When you really boil it down, relationships are all just one long compromise. Movies. Friends. Sexual positions. In a relationship, you have to come to an agreement on all these matters and more. Sure, compromise is just doing one thing for one person and then another thing for the other person to make up for the first thing, but that still means that half the time you might be engaged in some pretty boring and/or unpleasant activities. And I’m just talking about the small stuff. Getting older means going from compromising on where to go to dinner to what to name the baby. Yikes. As a single lady, I get to be as selfish as I please. I don’t have to be nice to anyone I don’t want to be nice to. I don’t have to hang out with anyone I don’t want to hang out with. I don’t have to leave the bar early because my significant other has an early meeting and simply cannot stay for one more drink. (Side note: single ladies can always stay for one more drink). My new-found selfishness doesn’t mean I’ve thrown my manners out the window. If anything, I think being single has made me a more polite individual. It goes like this: being single means being able to do whatever I want, and when I get to make choices based on what I want to do rather than what I’m obligated to do, I’m more happy to do them and thus in a better mood and thus more polite and more pleasant to be around. And I think we’re all grateful for that.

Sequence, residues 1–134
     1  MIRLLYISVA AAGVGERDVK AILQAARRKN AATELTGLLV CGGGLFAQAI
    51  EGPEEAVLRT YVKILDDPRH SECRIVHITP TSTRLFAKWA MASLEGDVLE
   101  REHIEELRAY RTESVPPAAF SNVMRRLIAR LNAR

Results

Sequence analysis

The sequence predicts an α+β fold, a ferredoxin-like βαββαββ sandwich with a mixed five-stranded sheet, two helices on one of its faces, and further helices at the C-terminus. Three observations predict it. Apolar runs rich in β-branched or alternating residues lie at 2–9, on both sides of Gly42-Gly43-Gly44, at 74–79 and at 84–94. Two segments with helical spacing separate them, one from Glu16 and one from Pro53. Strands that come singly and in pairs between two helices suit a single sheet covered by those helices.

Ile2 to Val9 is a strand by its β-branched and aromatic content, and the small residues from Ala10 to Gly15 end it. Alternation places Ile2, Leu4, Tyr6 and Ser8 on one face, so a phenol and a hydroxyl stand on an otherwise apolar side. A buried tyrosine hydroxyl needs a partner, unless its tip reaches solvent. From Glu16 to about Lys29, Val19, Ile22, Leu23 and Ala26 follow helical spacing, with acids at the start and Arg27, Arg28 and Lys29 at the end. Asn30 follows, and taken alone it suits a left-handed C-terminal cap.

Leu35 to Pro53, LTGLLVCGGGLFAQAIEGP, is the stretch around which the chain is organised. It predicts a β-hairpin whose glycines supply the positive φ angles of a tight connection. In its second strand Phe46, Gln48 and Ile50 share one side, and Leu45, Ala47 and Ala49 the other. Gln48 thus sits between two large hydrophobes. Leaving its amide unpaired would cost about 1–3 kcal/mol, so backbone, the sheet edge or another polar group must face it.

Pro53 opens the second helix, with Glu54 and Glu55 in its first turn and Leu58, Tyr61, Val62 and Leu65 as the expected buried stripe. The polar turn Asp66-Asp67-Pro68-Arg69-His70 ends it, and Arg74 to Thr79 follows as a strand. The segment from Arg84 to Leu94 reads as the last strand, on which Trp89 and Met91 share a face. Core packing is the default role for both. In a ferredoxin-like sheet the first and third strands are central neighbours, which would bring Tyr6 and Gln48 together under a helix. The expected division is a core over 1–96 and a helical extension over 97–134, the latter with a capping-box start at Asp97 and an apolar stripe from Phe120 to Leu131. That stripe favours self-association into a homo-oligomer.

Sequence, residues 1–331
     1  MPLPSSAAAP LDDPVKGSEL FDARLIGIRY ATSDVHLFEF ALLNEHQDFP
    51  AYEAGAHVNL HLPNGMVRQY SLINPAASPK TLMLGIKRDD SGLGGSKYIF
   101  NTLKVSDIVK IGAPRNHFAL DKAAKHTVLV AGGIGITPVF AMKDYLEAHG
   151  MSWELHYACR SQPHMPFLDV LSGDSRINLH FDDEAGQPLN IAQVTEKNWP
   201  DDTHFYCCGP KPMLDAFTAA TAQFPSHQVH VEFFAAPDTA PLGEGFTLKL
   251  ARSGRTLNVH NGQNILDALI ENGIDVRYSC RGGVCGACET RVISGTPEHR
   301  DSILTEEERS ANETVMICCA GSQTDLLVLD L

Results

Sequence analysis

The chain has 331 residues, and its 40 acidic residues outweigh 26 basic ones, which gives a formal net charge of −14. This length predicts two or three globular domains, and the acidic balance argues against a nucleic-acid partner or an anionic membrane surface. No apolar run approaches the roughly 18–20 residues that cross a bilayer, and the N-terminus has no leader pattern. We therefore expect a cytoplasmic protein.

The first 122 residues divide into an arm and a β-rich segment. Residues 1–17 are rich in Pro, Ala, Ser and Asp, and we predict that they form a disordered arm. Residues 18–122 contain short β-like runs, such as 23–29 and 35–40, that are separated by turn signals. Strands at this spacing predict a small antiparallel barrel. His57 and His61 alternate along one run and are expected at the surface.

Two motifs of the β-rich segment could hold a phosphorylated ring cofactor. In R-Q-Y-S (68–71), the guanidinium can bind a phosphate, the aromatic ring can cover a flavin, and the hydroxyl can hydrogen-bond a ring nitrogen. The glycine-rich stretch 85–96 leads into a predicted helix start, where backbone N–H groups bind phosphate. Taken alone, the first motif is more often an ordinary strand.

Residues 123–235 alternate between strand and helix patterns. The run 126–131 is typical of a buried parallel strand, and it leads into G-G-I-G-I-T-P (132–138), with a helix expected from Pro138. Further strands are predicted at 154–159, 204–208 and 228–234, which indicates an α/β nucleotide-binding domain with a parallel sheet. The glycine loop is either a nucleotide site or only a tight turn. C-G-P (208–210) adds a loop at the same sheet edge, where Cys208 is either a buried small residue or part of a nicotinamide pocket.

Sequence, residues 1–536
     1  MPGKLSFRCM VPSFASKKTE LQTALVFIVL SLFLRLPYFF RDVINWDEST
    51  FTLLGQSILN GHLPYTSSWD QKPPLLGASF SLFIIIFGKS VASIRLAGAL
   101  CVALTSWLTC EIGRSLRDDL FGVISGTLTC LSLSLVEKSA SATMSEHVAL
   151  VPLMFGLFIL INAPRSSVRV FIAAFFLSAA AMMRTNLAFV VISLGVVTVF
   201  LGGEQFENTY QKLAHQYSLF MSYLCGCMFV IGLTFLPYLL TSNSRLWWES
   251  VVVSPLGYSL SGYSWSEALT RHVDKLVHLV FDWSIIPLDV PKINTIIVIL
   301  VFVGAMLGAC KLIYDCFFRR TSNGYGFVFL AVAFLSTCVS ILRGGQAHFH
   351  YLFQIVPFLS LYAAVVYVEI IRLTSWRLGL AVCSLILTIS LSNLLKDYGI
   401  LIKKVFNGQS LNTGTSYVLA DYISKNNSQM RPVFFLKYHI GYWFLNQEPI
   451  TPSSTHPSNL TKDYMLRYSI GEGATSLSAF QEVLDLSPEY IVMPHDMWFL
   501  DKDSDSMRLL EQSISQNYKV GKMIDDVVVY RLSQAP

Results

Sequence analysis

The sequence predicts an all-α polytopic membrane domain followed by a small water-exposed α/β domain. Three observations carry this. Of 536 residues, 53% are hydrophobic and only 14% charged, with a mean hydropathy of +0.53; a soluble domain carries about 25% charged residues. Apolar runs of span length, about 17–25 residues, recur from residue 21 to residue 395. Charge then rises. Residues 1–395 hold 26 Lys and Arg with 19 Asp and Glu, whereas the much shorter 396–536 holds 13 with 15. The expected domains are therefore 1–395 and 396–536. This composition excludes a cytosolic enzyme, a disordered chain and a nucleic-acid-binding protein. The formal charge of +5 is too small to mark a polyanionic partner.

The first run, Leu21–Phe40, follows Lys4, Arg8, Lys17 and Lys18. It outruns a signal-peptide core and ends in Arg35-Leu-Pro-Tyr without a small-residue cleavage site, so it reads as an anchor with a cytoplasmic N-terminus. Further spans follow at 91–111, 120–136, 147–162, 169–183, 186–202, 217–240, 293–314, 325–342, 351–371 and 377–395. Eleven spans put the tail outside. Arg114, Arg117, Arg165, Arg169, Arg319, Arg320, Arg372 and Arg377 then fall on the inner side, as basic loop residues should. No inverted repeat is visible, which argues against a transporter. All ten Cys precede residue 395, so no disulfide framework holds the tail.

I’m Friends With The Right Kind Of People